Remarks from Daniel P. Jordan, President of TJF, at the meeting of the Monticello Association, May 15, 1999
Remarks of Daniel P. Jordan, Ph.D.,
President, Thomas Jefferson Foundation, Inc.
MONTICELLO ASSOCIATION RECEPTION, Saturday, May 15, 1999
Note: The Monticello Association is the group of descendants of Thomas Jefferson. The Thomas Jefferson Foundation is the private, nonprofit organization that owns and operates Monticello.
Whoever said history is dull?
I'm Dan Jordan, President of the Thomas Jefferson Foundation, the private, nonprofit corporation that has owned and operated Monticello since 1923. Our mission is straightforward: preservation and education. We're here as stewards of the only home in America on the World Heritage List, a distinction that Monticello holds with the Great Wall of China and the Pyramids of Egypt. We're also here to share everything we can learn about Thomas Jefferson, his plantation home, and the enslaved African-American community with as many different audiences as possible worldwide.
Scholarship drives the mission. We have eight Ph.D.s on the Monticello staff, and six colleagues who have published one or more books with a university press. Scholarship isn't foolproof, but it gives us the best chance of getting our history right. Scholarship also helps us appreciate that accurate history must be inclusive history. You cannot understand Thomas Jefferson without understanding slavery, and you cannot understand Monticello without understanding its African-American community. This is not being politically correct. It is being scholarly.
Over the past fifteen years, the Foundation has tried hard to learn more about slavery, and Monticello's African-American community -- a process that leads us quite naturally to this evening's event, which we welcome and which we believe is a positive milestone for many reasons.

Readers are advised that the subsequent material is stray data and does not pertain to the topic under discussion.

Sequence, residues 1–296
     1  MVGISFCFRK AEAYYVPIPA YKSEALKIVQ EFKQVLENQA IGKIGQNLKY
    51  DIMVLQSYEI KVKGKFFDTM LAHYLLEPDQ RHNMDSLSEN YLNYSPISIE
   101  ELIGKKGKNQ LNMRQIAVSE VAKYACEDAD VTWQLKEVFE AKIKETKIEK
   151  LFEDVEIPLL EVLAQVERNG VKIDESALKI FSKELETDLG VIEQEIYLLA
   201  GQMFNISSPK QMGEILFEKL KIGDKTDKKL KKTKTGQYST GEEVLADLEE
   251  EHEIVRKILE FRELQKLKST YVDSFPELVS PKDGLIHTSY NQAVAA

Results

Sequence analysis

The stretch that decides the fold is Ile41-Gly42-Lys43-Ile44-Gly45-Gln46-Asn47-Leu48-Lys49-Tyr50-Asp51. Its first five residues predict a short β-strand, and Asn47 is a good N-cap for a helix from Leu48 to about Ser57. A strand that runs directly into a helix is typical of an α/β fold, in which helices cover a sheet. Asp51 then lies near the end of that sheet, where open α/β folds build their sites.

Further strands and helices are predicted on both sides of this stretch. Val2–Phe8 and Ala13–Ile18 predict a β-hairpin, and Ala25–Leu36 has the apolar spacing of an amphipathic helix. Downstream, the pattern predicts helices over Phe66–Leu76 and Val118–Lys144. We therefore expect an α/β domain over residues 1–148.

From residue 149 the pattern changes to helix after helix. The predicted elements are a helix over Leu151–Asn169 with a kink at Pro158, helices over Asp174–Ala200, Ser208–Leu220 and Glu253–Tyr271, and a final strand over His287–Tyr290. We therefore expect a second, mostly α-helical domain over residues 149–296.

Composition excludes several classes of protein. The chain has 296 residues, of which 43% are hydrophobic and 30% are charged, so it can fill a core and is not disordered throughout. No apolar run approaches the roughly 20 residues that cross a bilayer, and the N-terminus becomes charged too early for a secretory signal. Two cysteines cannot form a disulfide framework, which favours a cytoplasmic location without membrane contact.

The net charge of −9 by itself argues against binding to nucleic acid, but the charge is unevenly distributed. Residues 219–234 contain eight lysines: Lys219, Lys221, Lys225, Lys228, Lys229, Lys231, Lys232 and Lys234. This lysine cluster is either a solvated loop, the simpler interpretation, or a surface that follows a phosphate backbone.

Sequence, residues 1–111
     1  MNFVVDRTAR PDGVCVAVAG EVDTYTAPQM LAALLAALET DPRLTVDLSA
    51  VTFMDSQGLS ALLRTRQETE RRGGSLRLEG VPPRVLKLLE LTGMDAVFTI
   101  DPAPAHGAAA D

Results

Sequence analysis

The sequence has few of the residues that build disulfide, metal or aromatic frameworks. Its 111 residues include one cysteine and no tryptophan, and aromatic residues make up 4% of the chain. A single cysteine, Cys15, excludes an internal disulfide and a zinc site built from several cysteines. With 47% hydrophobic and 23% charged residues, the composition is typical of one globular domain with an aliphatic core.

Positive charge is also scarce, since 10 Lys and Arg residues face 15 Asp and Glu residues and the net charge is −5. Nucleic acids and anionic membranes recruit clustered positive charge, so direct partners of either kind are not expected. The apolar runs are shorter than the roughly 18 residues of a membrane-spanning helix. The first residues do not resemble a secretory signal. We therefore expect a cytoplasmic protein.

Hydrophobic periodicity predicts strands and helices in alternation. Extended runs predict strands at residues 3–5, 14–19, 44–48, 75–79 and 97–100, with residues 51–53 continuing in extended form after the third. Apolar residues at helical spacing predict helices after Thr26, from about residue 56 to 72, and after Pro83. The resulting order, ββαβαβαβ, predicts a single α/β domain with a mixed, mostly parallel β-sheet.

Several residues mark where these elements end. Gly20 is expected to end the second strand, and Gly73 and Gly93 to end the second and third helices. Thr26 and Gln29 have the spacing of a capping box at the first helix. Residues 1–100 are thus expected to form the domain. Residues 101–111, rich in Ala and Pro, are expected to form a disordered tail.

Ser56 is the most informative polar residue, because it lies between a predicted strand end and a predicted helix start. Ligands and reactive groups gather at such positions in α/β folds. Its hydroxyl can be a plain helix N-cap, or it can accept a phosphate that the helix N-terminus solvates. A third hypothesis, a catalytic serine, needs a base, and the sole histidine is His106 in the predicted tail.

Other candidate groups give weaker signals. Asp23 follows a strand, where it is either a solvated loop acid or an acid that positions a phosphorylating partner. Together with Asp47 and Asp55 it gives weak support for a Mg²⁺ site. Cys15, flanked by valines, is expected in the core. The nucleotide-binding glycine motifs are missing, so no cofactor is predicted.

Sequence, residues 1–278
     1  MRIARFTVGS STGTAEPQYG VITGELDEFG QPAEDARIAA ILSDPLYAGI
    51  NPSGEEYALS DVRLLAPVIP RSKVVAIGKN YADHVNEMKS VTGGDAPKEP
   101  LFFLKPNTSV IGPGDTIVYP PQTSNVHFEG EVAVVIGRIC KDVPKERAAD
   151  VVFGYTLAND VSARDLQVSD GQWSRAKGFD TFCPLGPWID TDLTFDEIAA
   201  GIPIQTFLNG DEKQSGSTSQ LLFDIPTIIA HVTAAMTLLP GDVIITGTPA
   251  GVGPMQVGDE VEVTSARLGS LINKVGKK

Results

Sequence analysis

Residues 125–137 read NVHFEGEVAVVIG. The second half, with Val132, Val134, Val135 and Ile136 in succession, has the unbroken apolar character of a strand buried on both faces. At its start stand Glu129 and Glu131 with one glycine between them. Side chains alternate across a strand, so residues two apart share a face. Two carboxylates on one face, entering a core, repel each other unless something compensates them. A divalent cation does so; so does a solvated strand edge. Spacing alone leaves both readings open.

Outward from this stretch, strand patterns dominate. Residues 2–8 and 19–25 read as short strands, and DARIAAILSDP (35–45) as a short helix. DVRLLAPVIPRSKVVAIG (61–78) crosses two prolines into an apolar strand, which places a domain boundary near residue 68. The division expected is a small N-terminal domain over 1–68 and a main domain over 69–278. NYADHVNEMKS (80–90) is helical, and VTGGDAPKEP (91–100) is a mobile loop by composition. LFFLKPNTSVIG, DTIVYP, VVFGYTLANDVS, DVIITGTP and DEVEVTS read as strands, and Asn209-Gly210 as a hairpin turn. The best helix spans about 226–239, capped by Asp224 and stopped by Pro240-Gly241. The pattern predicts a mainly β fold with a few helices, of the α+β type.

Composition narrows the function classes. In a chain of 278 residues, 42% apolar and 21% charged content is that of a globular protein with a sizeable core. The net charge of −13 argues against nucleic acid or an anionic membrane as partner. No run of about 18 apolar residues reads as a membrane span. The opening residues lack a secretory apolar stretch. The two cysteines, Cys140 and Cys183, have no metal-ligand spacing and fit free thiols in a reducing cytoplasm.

We have long worked with the Monticello Association, a completely separate, private, nonprofit group that owns the Monticello cemetery. We've also had the pleasure of working with the Hemings and Woodson families as part of our "Getting Word" oral history project, in which my colleagues have interviewed coast to coast over one hundred descendants of Monticello slaves. Parenthetically, I would call your attention to the "Getting Word" exhibit at our Visitors Center.
In 1992 we were pleased to welcome over 150 members of the Woodson Family Association here on the mountaintop, and in 1997 we hosted a weekend gathering of over 130 participants in the "Getting Word" project. For years the Foundation has issued lifetime passes to all descendants of Monticello's African-American community.
I've been asked more than once what this weekend is all about. I believe this weekend is about an opportunity for individuals who share a common heritage -- and common ground at Monticello -- to come together and to get to know one another better. This weekend is an American story.
The Thomas Jefferson Foundation is honored to be a part of this historic event. We look forward to every opportunity to work with those in attendance as well as with the families and traditions they represent -- all in the spirit of Thomas Jefferson, who believed in following truth wherever in may lead.